For harder materials like metal, a 28 TPI is best, but if you are cutting hardwood, choose between the 11.5 or the 9.5 TPI. These blades are premium-grade steel for a longer life, and they fit most brands of scroll saws.
SKIL is another American brand synonymous with value and quality, and these blades don’t disappoint. When you work out the price per blade, this pack is incredible value for money.
- Designed for professionals.
- Comes as a 36-pack.
- 28, 11.5 and 9.5 TPI.
- Premium grade steel.
- Prone to breaking.
|Dimensions (inches)||9.02 x 3.5 x 0.12|
7. SE 144-Piece Jeweler’s Piercing Saw Blades
Best Scroll Saw Blade for Metal
This set of blades offers something a little different. Unlike all those featured so far, this blade set fits a manual saw rather than the powered variety.
It comes as a set of 144 blades, so it is incredible value for money. Plus, because they are mainly intended for the jewelry industry, these blades are excellent for slicing through metal.
Each blade has a high TPI count, which means you get the smoothest finish possible. They range from 38 to 59 TPI. They are also pinless, and when used in conjunction with a saw with an adjustable frame, if the blade snaps, you can still use it no matter what the size.
For value alone, this blade set is a good choice, but if you are working with precious metals, you want precision and accuracy. Mistakes could cost you a lot of money.
- 144 blades in the set.
- Fine detail.
- High TPI count.
- Excellent value for money.
- For the jewelry industry only.
- Used in hand saws.
- Specialist blade.
|Dimensions (inches)||15.8 x 9.5 x 14.9|
|Product||Best||Pack size||Material||Dimensions (inch)||Weight|
|Olson Saw PG49802 Precision Ground Blade||Hardwood||1||Carbon steel||3.5 x 8.5 x 1||0.81 oz|
|Flying Dutchman New Spiral Blade||Pinless||60||High-grade steel||9.02 x 5.98 x 0.2||4.8 oz|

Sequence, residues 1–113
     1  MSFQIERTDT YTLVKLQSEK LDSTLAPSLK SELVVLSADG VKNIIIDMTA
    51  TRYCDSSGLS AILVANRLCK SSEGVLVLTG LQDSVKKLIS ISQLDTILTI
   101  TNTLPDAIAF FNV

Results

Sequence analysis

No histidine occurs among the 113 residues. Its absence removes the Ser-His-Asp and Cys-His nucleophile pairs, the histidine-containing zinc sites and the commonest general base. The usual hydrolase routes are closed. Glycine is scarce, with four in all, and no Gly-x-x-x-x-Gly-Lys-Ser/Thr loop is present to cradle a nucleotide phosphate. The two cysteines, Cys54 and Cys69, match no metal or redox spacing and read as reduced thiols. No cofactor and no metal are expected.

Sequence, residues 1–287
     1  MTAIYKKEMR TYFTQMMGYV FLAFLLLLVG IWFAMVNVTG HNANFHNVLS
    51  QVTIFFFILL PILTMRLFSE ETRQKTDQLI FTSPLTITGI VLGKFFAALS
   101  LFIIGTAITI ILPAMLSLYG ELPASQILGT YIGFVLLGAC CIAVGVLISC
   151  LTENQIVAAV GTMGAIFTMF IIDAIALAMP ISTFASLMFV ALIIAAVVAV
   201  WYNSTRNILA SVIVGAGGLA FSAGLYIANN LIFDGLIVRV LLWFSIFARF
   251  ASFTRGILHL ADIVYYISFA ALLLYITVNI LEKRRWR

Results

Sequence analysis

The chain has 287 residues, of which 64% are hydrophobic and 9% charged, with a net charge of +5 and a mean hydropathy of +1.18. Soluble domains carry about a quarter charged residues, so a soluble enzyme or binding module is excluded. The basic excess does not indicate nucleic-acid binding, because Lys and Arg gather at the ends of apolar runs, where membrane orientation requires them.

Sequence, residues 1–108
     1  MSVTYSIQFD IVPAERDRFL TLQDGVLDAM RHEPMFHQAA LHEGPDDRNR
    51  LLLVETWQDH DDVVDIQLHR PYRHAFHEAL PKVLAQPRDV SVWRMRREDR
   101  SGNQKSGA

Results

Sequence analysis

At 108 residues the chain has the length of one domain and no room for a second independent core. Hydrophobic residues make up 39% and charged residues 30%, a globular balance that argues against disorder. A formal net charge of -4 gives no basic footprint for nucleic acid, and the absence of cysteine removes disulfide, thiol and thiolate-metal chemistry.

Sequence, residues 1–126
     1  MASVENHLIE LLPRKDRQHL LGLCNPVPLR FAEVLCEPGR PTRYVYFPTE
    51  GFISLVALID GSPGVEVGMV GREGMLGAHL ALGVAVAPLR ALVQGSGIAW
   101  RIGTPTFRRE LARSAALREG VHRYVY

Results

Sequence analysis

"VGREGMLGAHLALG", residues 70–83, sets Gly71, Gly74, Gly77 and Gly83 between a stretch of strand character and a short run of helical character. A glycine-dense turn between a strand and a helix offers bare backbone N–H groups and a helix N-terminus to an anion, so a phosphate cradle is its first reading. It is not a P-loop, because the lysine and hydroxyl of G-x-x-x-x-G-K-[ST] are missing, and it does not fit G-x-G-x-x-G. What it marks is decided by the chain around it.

|Olson Saw FR43001 Pin End Hobby Blade||Beginners||6||Steel||1.5 x 8.5 x 1||0.3 oz|
|Olson Saw FR49501 Pinned Blade||Pinned||18||Steel||3.5 x 8.5 x 1||0.8 oz|
|Bosch SS5-20 Scroll Saw Blade||Straight Cuts||20||Steel||0.13 x 1.81 x 9.88||0.7 oz|
|SKIL 80182 Plain End Blade||Fine Work||36||Steel||9.02 x 3.5 x 0.12||0.7 oz|
|SE 144-Piece Jeweler’s Piercing Blade||Metal||144||Steel||15.8 x 9.5 x 14.9||0.8 oz|
Types of Scroll Saw Blades
Essentially, there are two main types of scroll saw blades.
Pinned scroll saw blades are larger, wider and better suited to straight, and more basic cuts. They are less agile than the pinless varieties because they are thicker. This greater width which impedes their ability to fit through small drilled holes.
You usually find that older scroll saws use pinned blades, and it’s the pin that adds the thickness to the blade.
Pinned blades are easier to install in the saw because the pins slot into convenient holes. However, for interior cuts, you have to thread the blade through the project and then attach it to the saw. This takes time and can be fiddly.
Pinless scroll saw blades are lighter, thinner and more agile. They create intricate curves and finer scrollwork. Jewelers like this variety of blade for its ability to turn on a pinhead.